Australia’s corporate regulator has warned of the use and management of third-party cyber security providers in the financial markets.
According to the Australian Securities and Investments Commission (ASIC), the practice of outsourcing cyber security to third-party vendors and partners has inadvertently led to a heightened threat risk to both large and small enterprises.
The regulator claimed supply chain risk management has become a significant challenge, especially for small-to-medium enterprises with half remaining either partially or fully risk-informed.
In the report, Cyber resilience of firms in Australia’s financial markets, ASIC said SMEs were driving improvements to cyber resilience but that outsourcing had “created difficulties” in the cyber management risks.
Although improvements in supply management are expected to be a focus over the next 18-to-24 months this is expected to be gradual.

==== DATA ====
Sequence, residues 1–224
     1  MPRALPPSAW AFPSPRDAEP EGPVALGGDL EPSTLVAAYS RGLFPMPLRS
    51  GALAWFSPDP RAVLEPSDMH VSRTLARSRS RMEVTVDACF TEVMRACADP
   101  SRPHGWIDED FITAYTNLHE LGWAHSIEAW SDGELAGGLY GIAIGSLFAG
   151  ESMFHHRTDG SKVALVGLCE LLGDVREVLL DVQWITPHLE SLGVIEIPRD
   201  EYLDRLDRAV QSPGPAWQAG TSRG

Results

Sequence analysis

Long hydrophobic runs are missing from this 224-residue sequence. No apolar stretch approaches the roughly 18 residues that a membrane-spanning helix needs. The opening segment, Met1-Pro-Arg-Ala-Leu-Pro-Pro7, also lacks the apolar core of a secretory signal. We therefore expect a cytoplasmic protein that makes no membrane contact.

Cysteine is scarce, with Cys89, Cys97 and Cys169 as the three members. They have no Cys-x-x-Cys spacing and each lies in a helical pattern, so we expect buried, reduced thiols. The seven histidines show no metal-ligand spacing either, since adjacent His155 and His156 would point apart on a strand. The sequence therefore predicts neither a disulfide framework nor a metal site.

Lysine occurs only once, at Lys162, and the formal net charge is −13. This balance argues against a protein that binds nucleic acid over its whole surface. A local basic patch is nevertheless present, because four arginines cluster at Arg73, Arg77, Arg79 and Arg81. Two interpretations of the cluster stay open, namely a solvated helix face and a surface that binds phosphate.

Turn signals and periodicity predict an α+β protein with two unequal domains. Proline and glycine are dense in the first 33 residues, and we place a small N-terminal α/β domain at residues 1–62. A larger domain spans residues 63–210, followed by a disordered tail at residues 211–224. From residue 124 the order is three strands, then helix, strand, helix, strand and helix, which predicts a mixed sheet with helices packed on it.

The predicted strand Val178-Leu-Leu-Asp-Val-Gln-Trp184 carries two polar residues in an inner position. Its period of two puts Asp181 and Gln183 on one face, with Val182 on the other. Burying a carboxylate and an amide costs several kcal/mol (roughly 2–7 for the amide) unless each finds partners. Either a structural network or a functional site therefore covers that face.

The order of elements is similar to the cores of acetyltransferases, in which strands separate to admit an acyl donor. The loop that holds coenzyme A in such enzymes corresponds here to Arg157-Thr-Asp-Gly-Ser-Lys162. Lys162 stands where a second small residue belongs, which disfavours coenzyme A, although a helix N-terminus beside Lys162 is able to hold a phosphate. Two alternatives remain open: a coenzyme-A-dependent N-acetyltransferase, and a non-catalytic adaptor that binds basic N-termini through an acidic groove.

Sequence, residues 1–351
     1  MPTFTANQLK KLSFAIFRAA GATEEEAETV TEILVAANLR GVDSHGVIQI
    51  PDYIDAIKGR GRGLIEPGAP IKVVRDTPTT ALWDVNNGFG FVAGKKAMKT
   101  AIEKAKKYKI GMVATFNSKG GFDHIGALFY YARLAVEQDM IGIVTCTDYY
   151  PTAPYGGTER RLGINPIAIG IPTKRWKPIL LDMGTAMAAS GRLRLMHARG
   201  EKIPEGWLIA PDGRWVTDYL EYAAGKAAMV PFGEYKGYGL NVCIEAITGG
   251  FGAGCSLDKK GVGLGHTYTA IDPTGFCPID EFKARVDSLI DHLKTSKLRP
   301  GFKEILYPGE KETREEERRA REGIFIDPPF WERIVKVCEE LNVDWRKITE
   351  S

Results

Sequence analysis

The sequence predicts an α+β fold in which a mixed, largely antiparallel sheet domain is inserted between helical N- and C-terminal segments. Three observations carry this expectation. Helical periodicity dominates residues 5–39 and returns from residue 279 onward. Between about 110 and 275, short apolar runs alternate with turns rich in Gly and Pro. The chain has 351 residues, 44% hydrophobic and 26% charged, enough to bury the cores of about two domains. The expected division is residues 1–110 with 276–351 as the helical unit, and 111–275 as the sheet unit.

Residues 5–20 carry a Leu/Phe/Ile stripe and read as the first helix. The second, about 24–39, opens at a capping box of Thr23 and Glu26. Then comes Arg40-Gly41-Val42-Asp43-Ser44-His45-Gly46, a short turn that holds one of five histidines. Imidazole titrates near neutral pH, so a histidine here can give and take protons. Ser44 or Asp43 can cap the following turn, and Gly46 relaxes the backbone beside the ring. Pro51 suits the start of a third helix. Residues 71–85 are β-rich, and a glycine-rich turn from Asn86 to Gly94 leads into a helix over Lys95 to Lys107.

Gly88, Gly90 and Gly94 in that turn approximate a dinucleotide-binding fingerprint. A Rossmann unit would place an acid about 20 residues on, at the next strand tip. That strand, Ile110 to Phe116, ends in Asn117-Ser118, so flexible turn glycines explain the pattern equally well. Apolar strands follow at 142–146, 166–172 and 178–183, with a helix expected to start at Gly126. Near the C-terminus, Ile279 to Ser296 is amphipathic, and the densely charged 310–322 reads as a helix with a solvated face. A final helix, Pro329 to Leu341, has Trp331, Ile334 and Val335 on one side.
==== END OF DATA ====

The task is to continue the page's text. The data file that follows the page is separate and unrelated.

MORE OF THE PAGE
Meanwhile, larger organisations have identified supply-chain management as an area of improvement due to their complexity and breadth of services they offer.
“Overall, robust procedures are in place,” ASIC’s report said. “Third parties are prioritised by the risk they pose to the business, and this is reflected in the frequency they are assessed.”
However, upon external examination by credit rating agencies, ASIC indicated there was still no formal approach to third-party risk assessment.
The report is a follow up to ASIC’s 2017 cyber resilience study, in which 101 firms across the financial markets sector completed a self-assessment survey on their cyber resilience.
Since then, according to ASIC, there has been an overall improvement, with an average increase of 15 per cent across all cyber resilience functions, which includes areas of training and protective processes.